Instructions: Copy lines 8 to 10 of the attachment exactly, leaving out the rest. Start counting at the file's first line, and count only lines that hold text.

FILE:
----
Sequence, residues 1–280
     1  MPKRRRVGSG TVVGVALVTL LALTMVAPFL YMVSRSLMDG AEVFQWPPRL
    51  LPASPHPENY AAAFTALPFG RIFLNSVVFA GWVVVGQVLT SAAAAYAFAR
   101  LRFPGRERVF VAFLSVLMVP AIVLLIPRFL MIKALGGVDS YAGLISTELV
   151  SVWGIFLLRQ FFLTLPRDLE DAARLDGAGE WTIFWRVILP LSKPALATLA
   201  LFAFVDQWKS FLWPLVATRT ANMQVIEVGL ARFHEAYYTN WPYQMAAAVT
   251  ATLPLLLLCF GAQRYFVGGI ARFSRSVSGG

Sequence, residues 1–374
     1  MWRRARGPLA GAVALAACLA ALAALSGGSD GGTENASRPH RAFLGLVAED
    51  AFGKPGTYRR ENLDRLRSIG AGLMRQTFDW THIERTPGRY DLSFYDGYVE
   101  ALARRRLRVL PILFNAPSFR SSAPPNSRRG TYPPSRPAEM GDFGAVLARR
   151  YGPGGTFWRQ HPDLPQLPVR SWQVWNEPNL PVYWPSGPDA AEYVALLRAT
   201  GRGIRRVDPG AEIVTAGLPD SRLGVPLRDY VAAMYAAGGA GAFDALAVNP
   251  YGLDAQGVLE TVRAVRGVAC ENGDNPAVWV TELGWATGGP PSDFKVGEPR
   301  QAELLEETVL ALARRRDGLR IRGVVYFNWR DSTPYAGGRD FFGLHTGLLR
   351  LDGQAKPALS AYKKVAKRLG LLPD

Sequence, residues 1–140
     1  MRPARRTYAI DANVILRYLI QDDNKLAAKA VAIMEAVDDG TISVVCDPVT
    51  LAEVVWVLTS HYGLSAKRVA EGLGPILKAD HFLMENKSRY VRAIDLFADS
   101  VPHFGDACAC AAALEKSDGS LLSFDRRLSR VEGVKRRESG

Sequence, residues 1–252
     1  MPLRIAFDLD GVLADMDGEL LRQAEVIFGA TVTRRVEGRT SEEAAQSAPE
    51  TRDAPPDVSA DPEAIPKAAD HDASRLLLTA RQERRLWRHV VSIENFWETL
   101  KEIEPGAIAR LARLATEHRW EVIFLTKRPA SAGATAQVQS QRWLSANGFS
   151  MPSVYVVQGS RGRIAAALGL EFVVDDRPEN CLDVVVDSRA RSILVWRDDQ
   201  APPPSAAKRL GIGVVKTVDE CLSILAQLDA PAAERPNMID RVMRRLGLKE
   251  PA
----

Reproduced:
Sequence, residues 1–374
     1  MWRRARGPLA GAVALAACLA ALAALSGGSD GGTENASRPH RAFLGLVAED
    51  AFGKPGTYRR ENLDRLRSIG AGLMRQTFDW THIERTPGRY DLSFYDGYVE